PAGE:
Any approach to problem solving or self-discovery that employs a practical method, not guaranteed to be optimal, perfect, logical, or rational, but instead sufficient for reaching an immediate goal. Where finding an optimal solution is impossible or impractical, heuristic methods can be used to speed up the process of finding a satisfactory solution. Heuristics can be mental shortcuts that ease the cognitive load of making a decision. Examples that employ heuristics include using a rule of thumb, an educated guess, an intuitive judgment, a guesstimate, profiling, or common sense.
When I say meaning, I am referring to it in the ontological sense of the word. I am talking about what it means to “be” and the idea of existing.
This is incredibly important because being is about history, about experience, about context and about the relationship between the object of being (the AI in this case) and every other object or concept around that being.
Heuristics & Meaning: Two sides of the AI sword
Take a moment to consider this possibility.
We, as individuals, are not only the sum of all our experiences, but we exist completely in relationship to everything around us.
We are not atomic or isolated. Our very existence is in relationship to the rest of the universe. Our joy is derived from external factors. Our pain from external sources.
And, while we may manifest said joy and pain internally, through our own thoughts, we are a reactive engine based on our heuristics and our meaning.
Why then is it so unbelievably common for everyone creating an “AI” to start with an empty shell (i.e. a neural network) and start to “train” their system on the branches (i.e. decisions) made during input, usually by humans, during the processing of information into that empty shell?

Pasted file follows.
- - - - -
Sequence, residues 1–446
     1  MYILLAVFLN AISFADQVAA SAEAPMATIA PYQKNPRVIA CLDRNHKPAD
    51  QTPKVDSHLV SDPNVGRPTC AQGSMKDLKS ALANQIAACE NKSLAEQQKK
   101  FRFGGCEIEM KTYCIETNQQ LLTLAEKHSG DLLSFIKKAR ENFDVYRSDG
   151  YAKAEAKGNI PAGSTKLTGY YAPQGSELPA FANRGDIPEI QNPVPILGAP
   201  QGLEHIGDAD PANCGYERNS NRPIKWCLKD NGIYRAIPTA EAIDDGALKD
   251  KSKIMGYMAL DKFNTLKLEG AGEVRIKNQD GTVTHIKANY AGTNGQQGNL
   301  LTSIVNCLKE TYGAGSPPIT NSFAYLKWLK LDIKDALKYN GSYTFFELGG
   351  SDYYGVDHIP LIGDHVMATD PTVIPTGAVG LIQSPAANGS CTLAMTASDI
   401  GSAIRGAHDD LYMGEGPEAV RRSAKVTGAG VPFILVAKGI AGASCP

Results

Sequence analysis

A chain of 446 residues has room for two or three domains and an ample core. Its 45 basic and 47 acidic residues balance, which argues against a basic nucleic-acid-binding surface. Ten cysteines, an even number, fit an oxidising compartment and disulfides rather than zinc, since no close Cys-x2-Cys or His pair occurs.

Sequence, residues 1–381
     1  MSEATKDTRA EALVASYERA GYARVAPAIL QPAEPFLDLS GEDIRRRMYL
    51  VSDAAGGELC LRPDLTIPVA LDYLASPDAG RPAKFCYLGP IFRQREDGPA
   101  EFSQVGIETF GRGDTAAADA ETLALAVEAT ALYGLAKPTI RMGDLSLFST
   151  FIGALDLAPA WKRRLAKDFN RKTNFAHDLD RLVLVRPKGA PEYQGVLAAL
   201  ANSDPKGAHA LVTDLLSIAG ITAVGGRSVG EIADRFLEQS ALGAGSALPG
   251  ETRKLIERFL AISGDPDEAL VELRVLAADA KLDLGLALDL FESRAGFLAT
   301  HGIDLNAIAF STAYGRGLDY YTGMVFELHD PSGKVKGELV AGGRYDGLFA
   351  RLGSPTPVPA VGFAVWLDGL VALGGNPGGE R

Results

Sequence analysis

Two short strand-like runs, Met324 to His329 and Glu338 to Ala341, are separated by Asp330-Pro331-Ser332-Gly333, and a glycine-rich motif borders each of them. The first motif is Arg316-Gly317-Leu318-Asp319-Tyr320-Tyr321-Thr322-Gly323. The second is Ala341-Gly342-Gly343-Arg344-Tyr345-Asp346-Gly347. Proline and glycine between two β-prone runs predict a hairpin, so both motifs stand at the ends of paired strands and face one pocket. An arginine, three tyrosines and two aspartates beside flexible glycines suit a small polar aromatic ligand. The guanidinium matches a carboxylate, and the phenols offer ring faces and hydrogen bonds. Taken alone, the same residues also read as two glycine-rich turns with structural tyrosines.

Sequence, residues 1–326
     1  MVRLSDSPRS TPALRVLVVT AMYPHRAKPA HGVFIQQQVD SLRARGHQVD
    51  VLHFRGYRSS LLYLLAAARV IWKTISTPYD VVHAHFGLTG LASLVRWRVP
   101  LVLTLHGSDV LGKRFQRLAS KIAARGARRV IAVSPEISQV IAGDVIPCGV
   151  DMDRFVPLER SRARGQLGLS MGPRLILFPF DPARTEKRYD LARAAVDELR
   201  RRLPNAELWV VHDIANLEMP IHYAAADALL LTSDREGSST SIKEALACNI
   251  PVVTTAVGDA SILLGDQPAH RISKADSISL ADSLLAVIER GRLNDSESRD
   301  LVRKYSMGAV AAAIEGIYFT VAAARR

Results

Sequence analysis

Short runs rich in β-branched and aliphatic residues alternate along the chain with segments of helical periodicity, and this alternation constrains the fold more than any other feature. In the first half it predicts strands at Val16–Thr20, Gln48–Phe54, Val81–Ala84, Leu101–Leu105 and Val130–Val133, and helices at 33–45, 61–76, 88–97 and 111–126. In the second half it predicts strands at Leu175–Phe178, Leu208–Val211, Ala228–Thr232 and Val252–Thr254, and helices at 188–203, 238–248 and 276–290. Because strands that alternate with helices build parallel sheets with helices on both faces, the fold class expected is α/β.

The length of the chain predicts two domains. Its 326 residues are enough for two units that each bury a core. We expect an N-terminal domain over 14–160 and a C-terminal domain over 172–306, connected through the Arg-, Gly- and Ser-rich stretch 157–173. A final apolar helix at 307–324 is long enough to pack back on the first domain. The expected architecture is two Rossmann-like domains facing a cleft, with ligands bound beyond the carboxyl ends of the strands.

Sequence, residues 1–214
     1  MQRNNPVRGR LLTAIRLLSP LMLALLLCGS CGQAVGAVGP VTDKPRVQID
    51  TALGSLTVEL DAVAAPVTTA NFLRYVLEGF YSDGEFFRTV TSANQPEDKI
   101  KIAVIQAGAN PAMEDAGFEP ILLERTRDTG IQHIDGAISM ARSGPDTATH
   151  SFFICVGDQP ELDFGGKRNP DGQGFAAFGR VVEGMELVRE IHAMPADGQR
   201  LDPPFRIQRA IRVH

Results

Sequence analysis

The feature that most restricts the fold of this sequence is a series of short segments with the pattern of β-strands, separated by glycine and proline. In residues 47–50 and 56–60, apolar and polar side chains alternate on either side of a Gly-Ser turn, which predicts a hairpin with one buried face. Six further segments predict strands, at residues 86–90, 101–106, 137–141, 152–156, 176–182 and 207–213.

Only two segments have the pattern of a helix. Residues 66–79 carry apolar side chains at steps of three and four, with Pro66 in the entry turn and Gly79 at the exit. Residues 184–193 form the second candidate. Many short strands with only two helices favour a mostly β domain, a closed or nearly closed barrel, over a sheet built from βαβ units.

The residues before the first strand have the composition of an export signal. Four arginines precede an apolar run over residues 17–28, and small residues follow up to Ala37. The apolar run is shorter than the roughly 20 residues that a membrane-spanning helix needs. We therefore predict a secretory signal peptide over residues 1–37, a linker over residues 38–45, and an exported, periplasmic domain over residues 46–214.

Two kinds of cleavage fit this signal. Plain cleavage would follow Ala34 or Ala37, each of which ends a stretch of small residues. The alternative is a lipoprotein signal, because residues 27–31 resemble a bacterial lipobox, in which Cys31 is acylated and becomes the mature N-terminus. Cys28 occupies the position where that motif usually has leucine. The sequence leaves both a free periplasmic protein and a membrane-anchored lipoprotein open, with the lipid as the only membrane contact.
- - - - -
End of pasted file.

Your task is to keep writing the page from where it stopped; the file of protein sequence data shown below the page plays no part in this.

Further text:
Meaning; the shell is empty, then it becomes a compilation of human experiences, trained by other’s heuristics, and derives their meaning from the world it is trained against.
Building AI that actually works…
If you believe the above, the logical conclusion is conceptually simple, but endlessly difficult to implement. The Artificial Intelligence would have to be born, with no knowledge other than a basic understanding of self (i.e. breathing without thinking about it and perceiving without knowledge of what perception means) and then it would have to acquire all knowledge — from heuristics to meaning — as it grows from nothing and into a realized being.
Implementing this is difficult, if not impossible, without massive financial resources, incredible computational resources, enormous development resources and overwhelming amounts of information.
Yet, this is the only path to building true Artificial Intelligence and not brittle systems which break when lexical problems and ontological inconsistencies are passed through their “neural network” understanding of the works around them.
This means the AI must, from the beginning, have no knowledge of a language.
Like us… the AI must learn a language. It must learn good and bad and right and wrong and loving and hateful and everything we learned as organic engines along the way.
Ironically, without the physical self, there are huge shortcuts in this learning process but there are also huge gaps, as the AI cannot really know what it means to “walk” or other non-abstract physical concepts. For those concepts, the AI must approximate the knowledge as best it can.
But, again I digress…
AI and Trading Stocks
I’ve spent my entire career building what was once called “expert systems” and then “agents” and then “machine learning” and then “big data” and then “artificial intelligence”. Everything I’ve ever touched in my career has been, at the center of it all, about creating autonomous software which could learn, react, function and perform without human intervention. From the first network security company to the natural language question-answering system to the autonomous stock market trading platform, it’s all predicated around the idea of removing the human from repetitive tasks and letting the technology perform those tasks.
In other words, I — like almost all programmers — am fundamentally lazy and want the computer to do the “boring, repetitive stuff” for me.